It’s not hard to be wowed by zircon’s physical beauty, but there’s more to this popular gem than meets the eye!
What It Looks Like
Zircon comes in dazzling shades of blue, yellow, green, red, orange, reddish-brown, and pink—not to mention its equally stunning black, multicolor and colorless varieties. It’s easy to find a color to fit anyone’s preferences!
What It Feels Like
Zircon registers at a 7.5 on the Mohs scale of hardness, meaning it’s super tough and durable. That attribute, combined with its brilliance and crystal shape, make it an incredibly desirable gemstone—and not just for those born in December.
Where to Find It
Zircon is found worldwide, with notable deposits in Australia, Russia, Norway, Thailand, Cambodia, Vietnam, and Sri Lanka. Colorless zircon is called “Matara” after a city in Sri Lanka near where it is mined. In the U.S., it pops up in a few states, including California, Oklahoma and North Carolina.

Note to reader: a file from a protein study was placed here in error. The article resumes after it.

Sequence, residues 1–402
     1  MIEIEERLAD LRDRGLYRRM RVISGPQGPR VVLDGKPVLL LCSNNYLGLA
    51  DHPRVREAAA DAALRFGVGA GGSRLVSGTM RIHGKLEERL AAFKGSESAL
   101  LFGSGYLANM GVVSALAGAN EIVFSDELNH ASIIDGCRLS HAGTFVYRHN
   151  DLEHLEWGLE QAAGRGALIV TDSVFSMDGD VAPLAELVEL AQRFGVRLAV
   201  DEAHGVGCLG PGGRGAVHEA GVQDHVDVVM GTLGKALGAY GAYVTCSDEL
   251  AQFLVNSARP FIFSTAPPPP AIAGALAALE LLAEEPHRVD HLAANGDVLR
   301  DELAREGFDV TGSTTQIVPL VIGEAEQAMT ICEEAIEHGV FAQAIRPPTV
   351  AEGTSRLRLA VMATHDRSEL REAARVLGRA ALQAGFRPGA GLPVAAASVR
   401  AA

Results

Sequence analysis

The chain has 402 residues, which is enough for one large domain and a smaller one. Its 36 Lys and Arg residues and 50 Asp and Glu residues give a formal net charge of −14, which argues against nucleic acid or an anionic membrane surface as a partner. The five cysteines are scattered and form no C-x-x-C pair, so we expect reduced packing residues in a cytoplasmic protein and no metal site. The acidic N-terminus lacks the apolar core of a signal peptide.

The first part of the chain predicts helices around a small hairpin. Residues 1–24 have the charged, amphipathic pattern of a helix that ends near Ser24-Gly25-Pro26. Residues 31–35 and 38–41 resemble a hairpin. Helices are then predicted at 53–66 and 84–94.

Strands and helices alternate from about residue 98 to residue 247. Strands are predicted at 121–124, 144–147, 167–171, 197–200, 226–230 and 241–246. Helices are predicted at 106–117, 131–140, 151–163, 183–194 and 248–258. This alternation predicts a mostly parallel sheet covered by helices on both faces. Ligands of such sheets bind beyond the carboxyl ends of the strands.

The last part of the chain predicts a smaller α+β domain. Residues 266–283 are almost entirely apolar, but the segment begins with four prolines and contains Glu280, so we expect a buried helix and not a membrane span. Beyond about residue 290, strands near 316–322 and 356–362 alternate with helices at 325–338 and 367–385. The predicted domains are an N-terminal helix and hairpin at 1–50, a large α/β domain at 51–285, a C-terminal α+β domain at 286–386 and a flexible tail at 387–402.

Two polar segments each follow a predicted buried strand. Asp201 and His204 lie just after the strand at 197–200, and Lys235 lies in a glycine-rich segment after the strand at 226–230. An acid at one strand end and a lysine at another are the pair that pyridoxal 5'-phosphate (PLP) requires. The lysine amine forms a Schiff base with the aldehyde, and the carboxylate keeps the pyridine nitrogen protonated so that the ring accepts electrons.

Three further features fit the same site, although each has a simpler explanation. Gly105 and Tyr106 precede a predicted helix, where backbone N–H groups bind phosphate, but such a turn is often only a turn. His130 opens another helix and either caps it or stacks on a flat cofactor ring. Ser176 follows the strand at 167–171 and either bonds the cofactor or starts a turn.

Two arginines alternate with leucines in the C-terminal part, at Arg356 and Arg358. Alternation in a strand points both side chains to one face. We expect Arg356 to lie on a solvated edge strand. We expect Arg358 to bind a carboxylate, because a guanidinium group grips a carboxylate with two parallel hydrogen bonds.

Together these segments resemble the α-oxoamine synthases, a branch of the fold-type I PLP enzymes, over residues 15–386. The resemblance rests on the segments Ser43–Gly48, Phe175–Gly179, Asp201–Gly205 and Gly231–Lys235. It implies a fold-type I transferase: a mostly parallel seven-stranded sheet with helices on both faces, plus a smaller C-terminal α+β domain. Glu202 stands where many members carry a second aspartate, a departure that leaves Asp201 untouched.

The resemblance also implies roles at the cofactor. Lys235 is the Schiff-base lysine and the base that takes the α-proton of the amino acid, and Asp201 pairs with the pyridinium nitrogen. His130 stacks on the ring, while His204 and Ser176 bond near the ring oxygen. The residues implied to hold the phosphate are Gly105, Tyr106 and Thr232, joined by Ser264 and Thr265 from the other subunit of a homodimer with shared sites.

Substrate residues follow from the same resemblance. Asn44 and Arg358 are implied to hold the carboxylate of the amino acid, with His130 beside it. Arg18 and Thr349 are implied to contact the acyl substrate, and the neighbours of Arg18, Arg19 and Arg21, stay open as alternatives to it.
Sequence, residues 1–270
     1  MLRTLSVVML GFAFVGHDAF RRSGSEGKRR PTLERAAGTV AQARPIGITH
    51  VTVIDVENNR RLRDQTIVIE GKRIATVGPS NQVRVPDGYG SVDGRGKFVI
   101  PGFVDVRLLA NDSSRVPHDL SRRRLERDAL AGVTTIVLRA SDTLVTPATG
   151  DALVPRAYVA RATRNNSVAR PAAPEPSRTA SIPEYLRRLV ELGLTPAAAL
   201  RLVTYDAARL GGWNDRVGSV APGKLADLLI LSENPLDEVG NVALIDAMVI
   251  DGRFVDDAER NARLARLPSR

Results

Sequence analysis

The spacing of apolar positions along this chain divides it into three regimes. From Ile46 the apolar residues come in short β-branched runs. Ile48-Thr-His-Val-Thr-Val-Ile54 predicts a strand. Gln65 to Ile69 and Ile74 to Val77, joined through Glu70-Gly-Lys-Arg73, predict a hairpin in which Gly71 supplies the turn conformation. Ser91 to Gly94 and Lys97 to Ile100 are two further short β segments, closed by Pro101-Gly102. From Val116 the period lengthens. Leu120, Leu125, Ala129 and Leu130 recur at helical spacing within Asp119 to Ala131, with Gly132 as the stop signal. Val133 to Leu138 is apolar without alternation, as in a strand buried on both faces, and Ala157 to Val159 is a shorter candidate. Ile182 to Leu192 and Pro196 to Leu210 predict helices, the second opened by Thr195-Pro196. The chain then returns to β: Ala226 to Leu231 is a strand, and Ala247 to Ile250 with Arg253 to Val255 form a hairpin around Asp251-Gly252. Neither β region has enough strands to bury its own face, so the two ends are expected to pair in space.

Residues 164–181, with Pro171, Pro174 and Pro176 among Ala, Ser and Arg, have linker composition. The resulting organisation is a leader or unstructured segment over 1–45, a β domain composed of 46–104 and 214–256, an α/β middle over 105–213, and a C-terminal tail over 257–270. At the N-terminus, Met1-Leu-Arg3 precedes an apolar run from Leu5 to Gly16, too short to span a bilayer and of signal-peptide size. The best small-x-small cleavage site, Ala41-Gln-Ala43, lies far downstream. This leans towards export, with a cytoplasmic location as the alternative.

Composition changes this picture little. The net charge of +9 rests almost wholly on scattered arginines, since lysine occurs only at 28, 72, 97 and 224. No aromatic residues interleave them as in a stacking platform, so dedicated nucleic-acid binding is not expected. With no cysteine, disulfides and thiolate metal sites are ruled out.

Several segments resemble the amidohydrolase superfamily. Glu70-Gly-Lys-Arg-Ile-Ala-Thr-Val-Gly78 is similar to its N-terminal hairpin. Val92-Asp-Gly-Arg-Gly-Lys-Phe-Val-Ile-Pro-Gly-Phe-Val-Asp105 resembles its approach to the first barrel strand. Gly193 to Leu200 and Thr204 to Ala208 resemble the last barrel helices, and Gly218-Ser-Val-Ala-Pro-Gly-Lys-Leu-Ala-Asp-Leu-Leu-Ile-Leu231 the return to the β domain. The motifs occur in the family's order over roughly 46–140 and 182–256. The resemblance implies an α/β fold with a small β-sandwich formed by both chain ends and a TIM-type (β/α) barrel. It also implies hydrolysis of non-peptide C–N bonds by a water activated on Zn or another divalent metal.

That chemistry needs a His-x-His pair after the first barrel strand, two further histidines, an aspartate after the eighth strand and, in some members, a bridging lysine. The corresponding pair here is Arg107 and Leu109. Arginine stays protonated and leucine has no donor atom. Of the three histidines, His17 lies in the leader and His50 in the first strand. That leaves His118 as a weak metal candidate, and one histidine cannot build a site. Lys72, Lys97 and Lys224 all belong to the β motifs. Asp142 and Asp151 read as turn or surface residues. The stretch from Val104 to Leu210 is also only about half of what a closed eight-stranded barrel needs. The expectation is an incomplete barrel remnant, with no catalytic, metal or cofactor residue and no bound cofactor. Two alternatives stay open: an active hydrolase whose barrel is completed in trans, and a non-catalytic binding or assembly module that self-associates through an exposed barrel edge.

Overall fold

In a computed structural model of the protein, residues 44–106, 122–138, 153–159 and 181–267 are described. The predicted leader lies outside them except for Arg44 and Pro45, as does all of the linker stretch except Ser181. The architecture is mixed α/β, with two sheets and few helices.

What It Does
In the Middle Ages, zircon was believed to aid in sleep, bring prosperity, and promote honor, riches and wisdom. These days, it has a few more professional roles: as an opacifier in ceramic glazes, as bricks in steel-making furnaces and as mould sand in the foundry industry.
What It’s Not
Colorless zircon is often confused with cubic zirconia, a.k.a. the most common kind of fake diamonds. And it’s easy to see why: Zircon’s chemical name is crystalline zirconium silicate, which sounds an awful lot like cubic zirconia’s official name, crystalline zirconium dioxide. Plus, zircon was used as a diamond simulant in the early 1900s—until CZ came along. Bottom line? Zircon is the real deal, while CZ is manmade.
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